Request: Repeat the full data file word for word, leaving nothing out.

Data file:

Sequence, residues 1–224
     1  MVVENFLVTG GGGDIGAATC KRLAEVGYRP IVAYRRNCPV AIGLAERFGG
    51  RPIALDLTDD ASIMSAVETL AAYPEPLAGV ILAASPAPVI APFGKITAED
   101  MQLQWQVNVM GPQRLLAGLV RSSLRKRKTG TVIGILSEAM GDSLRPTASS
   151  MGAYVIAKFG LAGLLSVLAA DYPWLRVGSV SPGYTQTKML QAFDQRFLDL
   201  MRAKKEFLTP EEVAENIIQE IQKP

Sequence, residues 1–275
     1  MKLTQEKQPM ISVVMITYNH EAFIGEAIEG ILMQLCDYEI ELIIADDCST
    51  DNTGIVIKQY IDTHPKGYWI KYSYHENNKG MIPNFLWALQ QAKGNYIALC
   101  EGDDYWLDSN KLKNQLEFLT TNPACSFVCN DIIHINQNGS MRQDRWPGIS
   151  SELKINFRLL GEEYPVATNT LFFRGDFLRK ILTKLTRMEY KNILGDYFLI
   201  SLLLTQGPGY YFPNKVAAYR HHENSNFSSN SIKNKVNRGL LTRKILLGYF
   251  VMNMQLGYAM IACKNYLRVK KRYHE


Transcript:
Sequence, residues 1–224
     1  MVVENFLVTG GGGDIGAATC KRLAEVGYRP IVAYRRNCPV AIGLAERFGG
    51  RPIALDLTDD ASIMSAVETL AAYPEPLAGV ILAASPAPVI APFGKITAED
   101  MQLQWQVNVM GPQRLLAGLV RSSLRKRKTG TVIGILSEAM GDSLRPTASS
   151  MGAYVIAKFG LAGLLSVLAA DYPWLRVGSV SPGYTQTKML QAFDQRFLDL
   201  MRAKKEFLTP EEVAENIIQE IQKP

Sequence, residues 1–275
     1  MKLTQEKQPM ISVVMITYNH EAFIGEAIEG ILMQLCDYEI ELIIADDCST
    51  DNTGIVIKQY IDTHPKGYWI KYSYHENNKG MIPNFLWALQ QAKGNYIALC
   101  EGDDYWLDSN KLKNQLEFLT TNPACSFVCN DIIHINQNGS MRQDRWPGIS
   151  SELKINFRLL GEEYPVATNT LFFRGDFLRK ILTKLTRMEY KNILGDYFLI
   201  SLLLTQGPGY YFPNKVAAYR HHENSNFSSN SIKNKVNRGL LTRKILLGYF
   251  VMNMQLGYAM IACKNYLRVK KRYHE